Institutional Investors Say Alternatives Are Essential

Three in four U.S. institutional investors (74%) have changed their approach to risk management over the past five years.

Seventy-six percent now consider the use of alternative investments essential to diversify portfolio risk (76%), according to a new study of 151 U.S.-based institutional investors by Natixis Global Asset Management (NGAM). Seventy-three percent say it is necessary to invest in alternatives in order to outperform the broad market.

The majority (88%) of the respondents who invest in alternative products such as hedge funds, private equity and alternative mutual funds are pleased with the performance of their investments. When asked what they would do if they had to make the choice all over again, 93% say they would increase their allocation to alternatives or invest the same amount; just 7% claim they would decrease their allocation.

The majority (57%) of institutional investors in the U.S. holding alternative assets have done so for eight years or more, with 36% of those reporting they have been investing in alternative strategies for 15 years or more.

One-third (33%) of respondents report that their risk tolerance is lower today than five years ago, compared to 26% who say their risk tolerance is higher. Nearly two-thirds (65%) of U.S. institutional investors agree that reducing risk means accepting lower returns. Approximately one in five (22%) say they cannot effectively manage risk in their portfolio because of unpredictable market volatility.

Three in ten (31%) say their institutions monitor a risk budget daily to keep overall portfolio risk in check; 53% do so on a regular basis (weekly or monthly) and 13% do so occasionally (quarterly or annually). Forty-one percent say their institutions make it a practice every day to consider the volatility of an asset or security before considering its potential return; 42% do so on a regular basis (weekly or monthly) and 15% do so occasionally (quarterly or annually).




The majority (64%) of U.S. institutional investors say traditional diversification and portfolio construction techniques need to be replaced. Seven in ten (72%) say conventional 60/40 portfolios no longer are the best way to pursue returns. Approximately two-thirds believe “increasing allocations to non-correlated assets” (64%) and “increasing the use of liquid alternatives” (68%) are effective strategies for managing portfolio risk. Seven in ten (72%) say the best way to temper market volatility is to increase allocations to non-correlated assets.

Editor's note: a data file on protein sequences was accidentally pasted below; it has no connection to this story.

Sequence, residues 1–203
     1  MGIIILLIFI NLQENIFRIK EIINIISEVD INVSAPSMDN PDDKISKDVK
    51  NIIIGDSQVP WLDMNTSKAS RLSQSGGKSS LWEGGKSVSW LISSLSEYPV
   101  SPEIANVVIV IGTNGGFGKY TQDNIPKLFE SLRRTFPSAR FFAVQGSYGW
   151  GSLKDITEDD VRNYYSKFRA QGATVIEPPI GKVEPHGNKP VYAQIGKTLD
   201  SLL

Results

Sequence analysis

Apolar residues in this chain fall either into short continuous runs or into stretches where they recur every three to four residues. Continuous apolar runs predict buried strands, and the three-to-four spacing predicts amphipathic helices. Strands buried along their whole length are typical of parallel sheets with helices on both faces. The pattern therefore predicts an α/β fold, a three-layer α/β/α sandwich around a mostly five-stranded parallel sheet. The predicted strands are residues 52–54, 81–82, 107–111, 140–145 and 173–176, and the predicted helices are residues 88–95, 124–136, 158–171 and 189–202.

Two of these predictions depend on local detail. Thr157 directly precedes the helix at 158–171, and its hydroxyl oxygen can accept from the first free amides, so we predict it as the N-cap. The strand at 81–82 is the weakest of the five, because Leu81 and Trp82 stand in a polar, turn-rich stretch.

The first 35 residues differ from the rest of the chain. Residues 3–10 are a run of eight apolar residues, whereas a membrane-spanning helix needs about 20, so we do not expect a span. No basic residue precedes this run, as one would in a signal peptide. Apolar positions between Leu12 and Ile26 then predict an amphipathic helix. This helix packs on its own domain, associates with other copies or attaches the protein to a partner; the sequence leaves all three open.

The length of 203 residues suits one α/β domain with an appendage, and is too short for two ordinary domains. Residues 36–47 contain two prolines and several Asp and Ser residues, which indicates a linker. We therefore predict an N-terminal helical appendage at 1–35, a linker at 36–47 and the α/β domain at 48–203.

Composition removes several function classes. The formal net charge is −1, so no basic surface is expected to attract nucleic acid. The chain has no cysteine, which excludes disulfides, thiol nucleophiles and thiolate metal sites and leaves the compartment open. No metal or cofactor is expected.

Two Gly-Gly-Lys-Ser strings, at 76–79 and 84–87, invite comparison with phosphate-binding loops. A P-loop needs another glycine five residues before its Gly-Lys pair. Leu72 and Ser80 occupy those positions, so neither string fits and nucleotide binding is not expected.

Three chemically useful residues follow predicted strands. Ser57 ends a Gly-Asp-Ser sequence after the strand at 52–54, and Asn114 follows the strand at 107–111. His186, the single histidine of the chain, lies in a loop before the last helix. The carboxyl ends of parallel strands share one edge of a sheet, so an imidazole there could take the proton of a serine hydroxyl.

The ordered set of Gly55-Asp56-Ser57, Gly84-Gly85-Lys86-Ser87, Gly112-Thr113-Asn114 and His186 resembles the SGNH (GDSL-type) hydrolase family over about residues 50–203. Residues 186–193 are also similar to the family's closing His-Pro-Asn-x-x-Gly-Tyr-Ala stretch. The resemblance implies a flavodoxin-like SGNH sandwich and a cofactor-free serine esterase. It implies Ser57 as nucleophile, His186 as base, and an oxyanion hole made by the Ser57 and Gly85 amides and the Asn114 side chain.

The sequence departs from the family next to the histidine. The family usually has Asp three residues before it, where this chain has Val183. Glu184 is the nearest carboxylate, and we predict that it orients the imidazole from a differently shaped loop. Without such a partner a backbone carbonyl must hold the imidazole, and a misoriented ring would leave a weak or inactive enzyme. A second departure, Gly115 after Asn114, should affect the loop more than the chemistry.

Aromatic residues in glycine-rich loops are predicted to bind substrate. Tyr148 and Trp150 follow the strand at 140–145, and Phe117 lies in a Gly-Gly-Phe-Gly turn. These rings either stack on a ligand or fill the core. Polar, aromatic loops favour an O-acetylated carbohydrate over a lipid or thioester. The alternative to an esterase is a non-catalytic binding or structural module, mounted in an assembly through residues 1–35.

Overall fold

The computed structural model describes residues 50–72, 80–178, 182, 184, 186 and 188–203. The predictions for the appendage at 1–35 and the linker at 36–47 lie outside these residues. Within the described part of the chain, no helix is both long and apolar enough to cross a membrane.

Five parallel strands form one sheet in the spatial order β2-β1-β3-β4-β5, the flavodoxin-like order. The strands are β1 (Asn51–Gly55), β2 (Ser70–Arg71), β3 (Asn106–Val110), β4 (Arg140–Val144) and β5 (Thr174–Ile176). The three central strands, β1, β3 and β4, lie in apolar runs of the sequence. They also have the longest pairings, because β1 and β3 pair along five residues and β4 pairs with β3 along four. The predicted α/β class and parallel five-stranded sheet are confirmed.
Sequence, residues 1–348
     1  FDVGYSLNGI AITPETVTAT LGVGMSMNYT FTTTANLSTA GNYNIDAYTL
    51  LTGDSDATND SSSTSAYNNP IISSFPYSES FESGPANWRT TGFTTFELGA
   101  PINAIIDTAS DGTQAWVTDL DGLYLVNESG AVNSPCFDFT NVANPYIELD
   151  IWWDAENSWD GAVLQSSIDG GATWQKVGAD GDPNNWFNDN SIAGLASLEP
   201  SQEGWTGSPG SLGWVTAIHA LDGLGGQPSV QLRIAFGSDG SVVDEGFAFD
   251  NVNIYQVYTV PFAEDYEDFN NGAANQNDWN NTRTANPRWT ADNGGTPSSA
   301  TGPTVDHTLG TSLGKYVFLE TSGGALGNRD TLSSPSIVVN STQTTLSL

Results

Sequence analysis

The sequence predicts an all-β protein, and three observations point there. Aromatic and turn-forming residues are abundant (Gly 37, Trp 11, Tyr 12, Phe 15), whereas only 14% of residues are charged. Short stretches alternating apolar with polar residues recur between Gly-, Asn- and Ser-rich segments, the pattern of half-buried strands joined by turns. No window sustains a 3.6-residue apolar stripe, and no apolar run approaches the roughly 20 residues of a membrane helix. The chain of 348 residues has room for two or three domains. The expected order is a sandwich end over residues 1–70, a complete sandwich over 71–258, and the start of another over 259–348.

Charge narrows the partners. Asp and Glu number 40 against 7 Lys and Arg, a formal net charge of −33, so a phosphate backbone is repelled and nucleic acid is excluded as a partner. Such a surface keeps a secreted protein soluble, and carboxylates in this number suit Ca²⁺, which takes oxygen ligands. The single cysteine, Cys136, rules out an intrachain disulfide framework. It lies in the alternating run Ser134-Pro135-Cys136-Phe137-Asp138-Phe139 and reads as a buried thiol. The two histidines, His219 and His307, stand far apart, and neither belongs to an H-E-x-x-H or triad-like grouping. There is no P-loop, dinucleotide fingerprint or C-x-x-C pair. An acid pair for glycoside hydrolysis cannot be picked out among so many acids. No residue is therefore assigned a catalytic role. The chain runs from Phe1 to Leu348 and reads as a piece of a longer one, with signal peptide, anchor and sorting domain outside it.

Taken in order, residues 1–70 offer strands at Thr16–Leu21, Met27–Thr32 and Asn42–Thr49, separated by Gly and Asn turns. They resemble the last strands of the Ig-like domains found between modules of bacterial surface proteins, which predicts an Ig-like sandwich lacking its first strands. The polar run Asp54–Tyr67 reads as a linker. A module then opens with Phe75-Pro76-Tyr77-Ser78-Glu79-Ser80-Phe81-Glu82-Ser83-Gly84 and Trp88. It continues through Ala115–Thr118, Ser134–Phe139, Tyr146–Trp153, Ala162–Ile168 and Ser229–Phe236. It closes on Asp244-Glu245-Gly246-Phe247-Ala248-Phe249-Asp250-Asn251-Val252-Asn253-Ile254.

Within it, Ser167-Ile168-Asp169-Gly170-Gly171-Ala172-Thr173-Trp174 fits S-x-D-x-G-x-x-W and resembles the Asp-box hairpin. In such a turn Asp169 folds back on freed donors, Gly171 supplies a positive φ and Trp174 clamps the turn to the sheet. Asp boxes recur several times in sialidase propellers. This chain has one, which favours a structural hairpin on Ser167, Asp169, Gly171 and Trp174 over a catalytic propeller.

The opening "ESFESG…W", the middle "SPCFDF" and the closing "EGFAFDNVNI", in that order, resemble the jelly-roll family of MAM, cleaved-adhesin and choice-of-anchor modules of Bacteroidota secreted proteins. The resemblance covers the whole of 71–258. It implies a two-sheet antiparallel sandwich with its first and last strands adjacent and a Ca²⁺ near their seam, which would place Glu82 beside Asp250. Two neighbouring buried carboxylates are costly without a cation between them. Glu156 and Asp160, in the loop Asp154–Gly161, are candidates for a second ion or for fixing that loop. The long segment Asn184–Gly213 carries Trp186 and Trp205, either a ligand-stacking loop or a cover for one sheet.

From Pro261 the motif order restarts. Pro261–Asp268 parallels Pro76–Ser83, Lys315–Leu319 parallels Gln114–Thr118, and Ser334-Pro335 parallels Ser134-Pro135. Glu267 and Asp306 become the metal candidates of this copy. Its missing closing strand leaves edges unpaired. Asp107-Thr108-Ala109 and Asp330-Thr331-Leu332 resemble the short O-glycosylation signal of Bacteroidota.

A majority (82%) of respondents find it difficult to mitigate the impact of market volatility; 76% report they have had difficulty protecting the portfolios they oversee from dramatic swings in value. Approximately eight in ten (83%) U.S. institutional investors claim it is difficult to meet their total return objectives. More than three in four (78%) say it is difficult to manage tail risk.

Nine in ten (89%) of those surveyed believe volatility creates investment opportunities and 83% say market volatility is here to stay. However, nearly all (97%) institutional investors in the U.S. say their organization does an average or above-average job in constructing portfolios that protect principal and achieve growth; and 91% say their institutions have average or above-average capabilities in constructing portfolios that can generate positive returns regardless of market conditions.

Seven in ten (68%) U.S. institutional investors cite a contagion resulting from Europe’s debt crisis as one of the three most likely sources of market volatility in the next two years. Nearly half (47%) say Europe’s financial woes are one of the top three issues keeping them awake at night, followed by regulatory uncertainty (30%) and discovering unexpected sources of risk in their portfolios (29%).



Asked about the greatest risks to meeting investment objectives, 40% of U.S. institutional investors cited global equity market risk, followed by global fiscal imbalances (36%), geopolitical risk (32%) and changes in tax policies or regulations/laws (30%). Six in ten (60%) say the issue of economic growth has a significant influence on investment decisions, while 50% call the European financial crisis a major influence on their decision-making.

A substantial majority (85%) of U.S. institutional investors believes there will be a tightening of regulatory restrictions on financial institutions and capital markets participants, regardless of the outcome of the U.S. elections. Three in four (74%) believe U.S. financial institutions will have limits placed on their market-making abilities, resulting in their being less competitive.

Asked to select up to three priorities for the next 12 months, 38% say their institution’s number one action will be to use strategies that limit exposure to market volatility. The second-ranked priority, chosen by 33% of U.S. institutional investors, is to pay more attention to actual measures of risk rather than average measures. The third priority (29%) is to increase the allocation to alternative or non-correlated assets.

The online survey of 151 institutional investors in the U.S. was conducted by OnResearch in June and July 2012. Institutional investors surveyed manage or oversee corporate pensions, public/government pensions, funds of funds, sovereign wealth funds, insurance reserves/liabilities, and/or endowments/foundations.

The U.S. study is part of a larger global survey of 482 institutional investors in 13 countries in Europe, Asia and the Middle East, as well as the U.K. A copy of the global survey highlights is available at